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One of the most intriguing questions researchers hope to answer is whether Celtic art had links into the wider Eurasian world. Until now, this material has mainly been analysed in terms of its European stylistic development, but the research team is now broadening its scope to look at the relationship between Celtic art and Iron Age art in the Eurasian steppe. They will be looking at a group of artefacts in excavations and museum collections that are traditionally described as ‘Celtic’ because of their use of spirals, circles, interlaced designs, or swirling representations of plants or animals.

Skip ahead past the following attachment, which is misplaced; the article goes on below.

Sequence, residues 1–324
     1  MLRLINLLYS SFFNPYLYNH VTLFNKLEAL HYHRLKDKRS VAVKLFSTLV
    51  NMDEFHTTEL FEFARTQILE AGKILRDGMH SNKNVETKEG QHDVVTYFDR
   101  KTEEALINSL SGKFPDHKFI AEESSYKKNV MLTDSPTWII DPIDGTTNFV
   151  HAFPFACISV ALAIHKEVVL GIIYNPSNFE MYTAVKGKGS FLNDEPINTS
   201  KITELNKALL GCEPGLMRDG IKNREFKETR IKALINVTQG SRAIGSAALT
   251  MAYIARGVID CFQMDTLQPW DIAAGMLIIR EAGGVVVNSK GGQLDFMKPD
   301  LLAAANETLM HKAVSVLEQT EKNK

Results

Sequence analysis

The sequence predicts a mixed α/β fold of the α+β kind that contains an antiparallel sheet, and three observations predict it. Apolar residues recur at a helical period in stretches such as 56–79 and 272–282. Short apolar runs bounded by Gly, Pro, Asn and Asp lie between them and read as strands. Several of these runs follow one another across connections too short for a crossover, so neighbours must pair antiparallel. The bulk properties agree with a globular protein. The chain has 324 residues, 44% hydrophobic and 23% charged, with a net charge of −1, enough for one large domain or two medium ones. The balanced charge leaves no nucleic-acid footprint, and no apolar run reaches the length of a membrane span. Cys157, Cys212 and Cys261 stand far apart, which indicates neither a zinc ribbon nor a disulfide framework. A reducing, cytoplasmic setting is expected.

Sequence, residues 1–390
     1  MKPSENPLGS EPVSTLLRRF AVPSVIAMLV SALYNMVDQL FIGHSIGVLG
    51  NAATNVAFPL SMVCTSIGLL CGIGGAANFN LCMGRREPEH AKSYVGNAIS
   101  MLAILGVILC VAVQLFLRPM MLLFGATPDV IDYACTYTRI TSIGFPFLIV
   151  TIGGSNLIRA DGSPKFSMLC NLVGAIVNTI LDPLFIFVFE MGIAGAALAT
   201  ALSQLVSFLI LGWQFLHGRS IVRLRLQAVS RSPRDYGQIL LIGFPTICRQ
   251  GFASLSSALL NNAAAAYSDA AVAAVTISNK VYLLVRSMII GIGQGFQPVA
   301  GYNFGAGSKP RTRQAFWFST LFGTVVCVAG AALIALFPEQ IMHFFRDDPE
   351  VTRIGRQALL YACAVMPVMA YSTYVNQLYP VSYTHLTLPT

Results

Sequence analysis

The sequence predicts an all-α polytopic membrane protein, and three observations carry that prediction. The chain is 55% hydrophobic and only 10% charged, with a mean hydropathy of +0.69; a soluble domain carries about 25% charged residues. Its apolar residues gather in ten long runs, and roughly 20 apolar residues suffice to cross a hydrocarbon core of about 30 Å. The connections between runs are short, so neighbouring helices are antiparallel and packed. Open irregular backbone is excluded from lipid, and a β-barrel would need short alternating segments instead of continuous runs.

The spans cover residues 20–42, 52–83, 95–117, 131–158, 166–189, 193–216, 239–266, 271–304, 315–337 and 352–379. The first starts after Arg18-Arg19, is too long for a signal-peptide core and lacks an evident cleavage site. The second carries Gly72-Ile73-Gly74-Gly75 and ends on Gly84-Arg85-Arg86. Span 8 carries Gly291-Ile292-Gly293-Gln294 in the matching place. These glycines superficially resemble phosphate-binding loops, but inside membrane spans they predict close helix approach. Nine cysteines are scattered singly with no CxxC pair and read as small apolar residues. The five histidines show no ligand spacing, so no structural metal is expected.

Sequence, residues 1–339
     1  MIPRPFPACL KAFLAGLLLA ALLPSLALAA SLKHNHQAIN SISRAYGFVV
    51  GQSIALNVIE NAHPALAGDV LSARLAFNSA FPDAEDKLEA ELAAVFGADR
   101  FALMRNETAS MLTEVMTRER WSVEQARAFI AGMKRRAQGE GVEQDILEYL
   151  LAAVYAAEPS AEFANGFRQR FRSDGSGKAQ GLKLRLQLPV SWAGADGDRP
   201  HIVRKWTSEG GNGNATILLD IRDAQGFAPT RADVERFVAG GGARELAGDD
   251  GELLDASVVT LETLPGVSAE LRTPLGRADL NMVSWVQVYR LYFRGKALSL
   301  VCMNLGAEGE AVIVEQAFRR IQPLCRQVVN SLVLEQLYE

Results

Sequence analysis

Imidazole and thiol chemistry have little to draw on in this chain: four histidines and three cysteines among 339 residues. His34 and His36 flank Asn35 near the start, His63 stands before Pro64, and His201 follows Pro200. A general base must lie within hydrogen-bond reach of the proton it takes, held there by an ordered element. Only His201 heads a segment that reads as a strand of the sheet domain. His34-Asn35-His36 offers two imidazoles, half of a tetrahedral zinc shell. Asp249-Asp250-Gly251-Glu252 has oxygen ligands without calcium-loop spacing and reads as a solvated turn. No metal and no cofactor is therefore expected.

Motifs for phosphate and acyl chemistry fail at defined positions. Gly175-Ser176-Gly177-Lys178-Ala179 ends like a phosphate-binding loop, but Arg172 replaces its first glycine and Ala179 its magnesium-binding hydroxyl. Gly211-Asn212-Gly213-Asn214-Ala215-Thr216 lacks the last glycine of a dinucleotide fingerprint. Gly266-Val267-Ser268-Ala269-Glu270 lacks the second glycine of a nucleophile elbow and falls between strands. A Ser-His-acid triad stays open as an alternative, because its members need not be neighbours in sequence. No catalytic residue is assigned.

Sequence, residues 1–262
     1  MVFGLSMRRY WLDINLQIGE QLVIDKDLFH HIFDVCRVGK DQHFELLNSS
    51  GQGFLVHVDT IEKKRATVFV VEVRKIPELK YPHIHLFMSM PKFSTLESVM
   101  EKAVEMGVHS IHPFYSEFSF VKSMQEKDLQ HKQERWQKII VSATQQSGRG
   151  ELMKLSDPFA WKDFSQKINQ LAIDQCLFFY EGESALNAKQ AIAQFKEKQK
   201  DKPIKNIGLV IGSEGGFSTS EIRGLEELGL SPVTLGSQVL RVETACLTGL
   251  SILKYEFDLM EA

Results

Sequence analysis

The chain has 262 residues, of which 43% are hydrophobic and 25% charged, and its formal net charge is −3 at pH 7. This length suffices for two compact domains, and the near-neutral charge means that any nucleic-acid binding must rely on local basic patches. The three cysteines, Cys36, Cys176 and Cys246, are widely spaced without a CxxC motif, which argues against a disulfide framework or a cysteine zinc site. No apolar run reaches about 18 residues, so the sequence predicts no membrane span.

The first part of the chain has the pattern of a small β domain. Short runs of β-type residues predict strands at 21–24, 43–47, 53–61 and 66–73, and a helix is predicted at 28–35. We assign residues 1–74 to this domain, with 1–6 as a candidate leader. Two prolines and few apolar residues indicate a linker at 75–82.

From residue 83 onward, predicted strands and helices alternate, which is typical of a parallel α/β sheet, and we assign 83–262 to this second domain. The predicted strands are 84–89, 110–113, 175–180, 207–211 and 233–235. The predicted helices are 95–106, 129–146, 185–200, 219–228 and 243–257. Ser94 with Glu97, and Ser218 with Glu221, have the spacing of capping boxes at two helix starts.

One main line of enquiry is the relationship between the central European Celts and their nomadic Eurasian neighbours (often referred to as Scythians or Sarmatians), who inhabited the European end of a grassland (steppe) corridor that stretched east towards Central Asia and China. Longstanding routes of communication across these semi-deserts and steppes, which later formed part of the Silk Road, are known to have played a significant role in earlier artistic and cultural exchanges between East and West.